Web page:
What actually strengthens separatism in Québec are attacks on what many French Québécois view as an important part of their linguistic security (and as Dion repeatedly pointed out in "Straight Talk" on pages 141-142, 135 and 159, we English Canadians would no doubt want the same kind of linguistic protections and reassurances if we were the only province with an English majority on a majority-French continent). Radical dicks like Pierre Falardeau and Jacques Parizeau, who would be quite happy to see all the English minority driven out of Québec, make the whole population look bad, even when guys like Claude Ryan and Stéphane Dion are in many ways quite happy with Bill 101 when it's applied sensibly and moderately.

    As it stands, people in the rest of the country seem to be saying that Québec is the only province that has to be bilingual, and that English Québécois are the only group that deserves any kind of special treatment. Can you blame Québec francophones for getting upset at this blatant double standard?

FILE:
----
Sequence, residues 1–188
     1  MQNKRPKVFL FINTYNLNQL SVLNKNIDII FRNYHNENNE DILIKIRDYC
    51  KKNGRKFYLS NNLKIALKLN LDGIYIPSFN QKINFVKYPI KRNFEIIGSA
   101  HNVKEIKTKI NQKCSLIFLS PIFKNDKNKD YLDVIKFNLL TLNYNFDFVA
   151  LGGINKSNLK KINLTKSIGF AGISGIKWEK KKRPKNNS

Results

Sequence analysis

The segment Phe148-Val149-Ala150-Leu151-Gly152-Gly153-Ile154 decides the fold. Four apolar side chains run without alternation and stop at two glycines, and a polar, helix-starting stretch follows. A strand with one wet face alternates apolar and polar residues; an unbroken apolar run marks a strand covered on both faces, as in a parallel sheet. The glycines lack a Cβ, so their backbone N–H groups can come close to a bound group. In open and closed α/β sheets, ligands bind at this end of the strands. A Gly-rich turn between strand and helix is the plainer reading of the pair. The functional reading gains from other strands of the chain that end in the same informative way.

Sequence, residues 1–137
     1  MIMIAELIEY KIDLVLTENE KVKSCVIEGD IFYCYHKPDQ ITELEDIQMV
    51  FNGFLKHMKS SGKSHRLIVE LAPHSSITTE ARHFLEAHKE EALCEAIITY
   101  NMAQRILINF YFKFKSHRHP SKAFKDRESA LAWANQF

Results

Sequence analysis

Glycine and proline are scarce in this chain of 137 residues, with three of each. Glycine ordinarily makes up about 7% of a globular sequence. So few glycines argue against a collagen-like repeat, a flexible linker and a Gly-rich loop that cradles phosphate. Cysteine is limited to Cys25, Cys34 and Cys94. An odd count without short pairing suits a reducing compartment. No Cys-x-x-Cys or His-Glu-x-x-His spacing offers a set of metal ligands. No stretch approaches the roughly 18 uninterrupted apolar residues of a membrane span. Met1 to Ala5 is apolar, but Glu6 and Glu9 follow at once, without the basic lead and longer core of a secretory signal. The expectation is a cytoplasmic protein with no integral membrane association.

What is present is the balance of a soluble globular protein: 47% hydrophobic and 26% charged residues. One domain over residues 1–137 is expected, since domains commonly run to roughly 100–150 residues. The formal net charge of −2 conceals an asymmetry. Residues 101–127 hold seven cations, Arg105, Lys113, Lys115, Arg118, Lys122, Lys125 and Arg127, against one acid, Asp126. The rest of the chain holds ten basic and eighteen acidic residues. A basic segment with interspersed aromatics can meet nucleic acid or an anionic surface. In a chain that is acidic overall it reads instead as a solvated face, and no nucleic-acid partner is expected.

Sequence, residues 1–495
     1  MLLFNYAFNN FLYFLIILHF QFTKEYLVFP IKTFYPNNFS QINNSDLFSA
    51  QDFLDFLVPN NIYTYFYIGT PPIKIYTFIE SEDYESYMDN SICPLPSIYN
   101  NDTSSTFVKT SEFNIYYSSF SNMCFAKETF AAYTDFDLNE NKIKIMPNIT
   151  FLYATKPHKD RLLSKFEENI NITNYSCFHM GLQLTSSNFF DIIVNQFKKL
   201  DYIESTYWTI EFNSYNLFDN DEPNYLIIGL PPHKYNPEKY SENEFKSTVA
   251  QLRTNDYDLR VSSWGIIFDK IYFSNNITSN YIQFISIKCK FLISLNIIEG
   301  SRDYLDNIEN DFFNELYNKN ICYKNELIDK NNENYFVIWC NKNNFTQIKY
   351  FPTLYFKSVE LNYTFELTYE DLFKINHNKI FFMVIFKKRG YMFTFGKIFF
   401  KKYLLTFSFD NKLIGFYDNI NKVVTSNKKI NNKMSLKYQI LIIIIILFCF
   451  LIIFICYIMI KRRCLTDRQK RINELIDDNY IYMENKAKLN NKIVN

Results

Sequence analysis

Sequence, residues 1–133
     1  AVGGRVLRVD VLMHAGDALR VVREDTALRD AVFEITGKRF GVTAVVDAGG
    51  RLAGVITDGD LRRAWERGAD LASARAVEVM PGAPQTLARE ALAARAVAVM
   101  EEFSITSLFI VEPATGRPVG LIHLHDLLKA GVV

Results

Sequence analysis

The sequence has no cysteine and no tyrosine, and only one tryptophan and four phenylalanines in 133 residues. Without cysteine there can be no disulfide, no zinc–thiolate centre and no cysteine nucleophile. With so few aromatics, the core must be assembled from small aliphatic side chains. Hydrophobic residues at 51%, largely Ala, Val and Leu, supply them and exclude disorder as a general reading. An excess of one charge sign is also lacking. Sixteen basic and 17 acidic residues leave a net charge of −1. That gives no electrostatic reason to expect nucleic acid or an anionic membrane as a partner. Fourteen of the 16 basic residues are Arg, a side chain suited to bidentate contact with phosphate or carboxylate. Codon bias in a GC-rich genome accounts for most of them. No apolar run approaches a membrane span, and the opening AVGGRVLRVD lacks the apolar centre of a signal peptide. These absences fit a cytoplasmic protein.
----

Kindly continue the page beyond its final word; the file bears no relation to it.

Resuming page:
You know, if the rest of Canada would put as much effort into supporting its French Canadian minorities and recognizing their rights, instead of trying to assimilate them and screaming blue murder when they try to assert their political rights, like with that traffic ticket thing a few months back*, Québec separatism would be a non-issue.

    * And before anyone starts protesting about that traffic ticket thing, put yourself in the driver's shoes. If you're driving through Québec, and you get pulled over and given a traffic ticket, wouldn't you want it to be in a language YOU can read? How would you feel if the Québec government refused to serve YOU in your primary language?

    Like I said, a lot of Canadians outside Québec seem to have a blatant double standard towards la belle province, and I say this as an Alberta man born and bred.

    Don't get me wrong, a lot of the complaints directed at Québec are justified or understandable, like the perceptions about how much transfer payment money the province receives when it seems like they're perpetually on the verge of calling another referendum, or the way the more radical sovereignists act towards the Anglo-Québec minority, but it's worth remembering that a lot of this is caused by mutual misunderstanding on both sides, and the problems we're dealing with are a two-way street.